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The river at the Platanettes was so pretty – it will be lovely to take a dip in the cool water during the summer!

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A cornilla bush (coronilla glauca) was flowering quite close to the river.

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Here is another unknown plant – it has the most beautiful feathery foliage, and very delicate little flowers!

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On my way home I came across this explosion of pink flowers, probably an apricot tree, or perhaps a peach tree?

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Here’s a close-up of some of the flowers from this beautiful tree:

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And there you have it – nature’s springtime abundance, to be found for the looking!

Food, glorious food

Of late I have neglected writing about restaurants.  It’s true that I’ve not been getting out all that much recently, but nonetheless I have a few meals to share with you, from restaurants that I have visited over the past few months, and whose delicious food is worth writing about!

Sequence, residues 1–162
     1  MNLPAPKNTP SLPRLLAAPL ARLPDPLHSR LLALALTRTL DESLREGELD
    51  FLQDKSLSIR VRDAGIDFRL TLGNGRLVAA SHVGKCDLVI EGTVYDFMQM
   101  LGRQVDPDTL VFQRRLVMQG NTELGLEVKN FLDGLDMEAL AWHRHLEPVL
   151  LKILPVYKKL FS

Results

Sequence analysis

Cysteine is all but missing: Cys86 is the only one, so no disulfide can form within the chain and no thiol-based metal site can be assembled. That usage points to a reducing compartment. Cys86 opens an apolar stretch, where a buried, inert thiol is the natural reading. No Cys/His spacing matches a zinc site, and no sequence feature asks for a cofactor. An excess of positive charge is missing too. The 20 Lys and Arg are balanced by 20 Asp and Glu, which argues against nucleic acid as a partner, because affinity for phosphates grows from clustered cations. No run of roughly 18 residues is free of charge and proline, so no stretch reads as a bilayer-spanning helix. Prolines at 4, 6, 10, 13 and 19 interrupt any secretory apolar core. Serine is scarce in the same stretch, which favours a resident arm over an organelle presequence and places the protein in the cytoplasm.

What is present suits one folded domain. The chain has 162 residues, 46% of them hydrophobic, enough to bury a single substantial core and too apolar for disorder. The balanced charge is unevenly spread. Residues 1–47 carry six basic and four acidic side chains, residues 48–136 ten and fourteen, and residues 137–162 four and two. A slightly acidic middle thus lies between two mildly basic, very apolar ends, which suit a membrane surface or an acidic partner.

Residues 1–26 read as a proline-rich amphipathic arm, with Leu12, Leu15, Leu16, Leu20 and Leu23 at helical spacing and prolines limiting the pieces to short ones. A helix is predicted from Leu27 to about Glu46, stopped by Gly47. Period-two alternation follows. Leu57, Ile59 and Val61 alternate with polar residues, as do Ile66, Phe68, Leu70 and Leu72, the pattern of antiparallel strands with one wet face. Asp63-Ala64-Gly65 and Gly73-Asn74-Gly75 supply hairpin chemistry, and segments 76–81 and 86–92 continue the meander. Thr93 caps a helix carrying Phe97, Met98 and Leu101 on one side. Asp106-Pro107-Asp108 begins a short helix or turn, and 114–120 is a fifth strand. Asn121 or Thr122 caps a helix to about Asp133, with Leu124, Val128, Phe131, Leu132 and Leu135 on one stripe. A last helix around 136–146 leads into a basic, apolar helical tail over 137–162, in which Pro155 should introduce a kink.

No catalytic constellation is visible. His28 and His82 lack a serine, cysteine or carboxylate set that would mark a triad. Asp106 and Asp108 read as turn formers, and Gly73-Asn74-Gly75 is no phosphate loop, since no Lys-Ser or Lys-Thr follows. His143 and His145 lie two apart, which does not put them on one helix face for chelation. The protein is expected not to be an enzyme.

First on is Les Cuisiniers Cavistes in Narbonne. If you have been reading this blog for a little while, you may remember the gourmet walk in Saint-Jean-de-Minervois last year.  Les Cuisiniers Cavistes provided the excellent food for that event.  The restaurant sits on a little square, just across the road from the Musee Lapidaire, where all the bits of Roman carved stone are exhibited (something for another blog post).  I visited on a beautifully sunny day last October.

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The lunchtime prix fixe menu was not extensive but offered a good choice.  Since it was autumn, I opted for the pumpkin soup with wild porcini mushrooms and foie gras.

P1000631 My dining companion chose an autumnal salad (Meli Melo), which contained celeriac, brussels sprouts, wild mushrooms, caramelized onions and Spanish ham.P1000629

There were two dishes to choose from for the main course – easy – we had one of each!! 🙂

Here is the filet of cod, served with haricot bean puree and whole haricot beans, veal gravy, and thin strips of cured lard:

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I went for the carnivore option and had the duck breast, on a bed of roasted vegetables:

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There were two desserts to choose from.  I opted for profiteroles, which were filled with vanilla ice cream: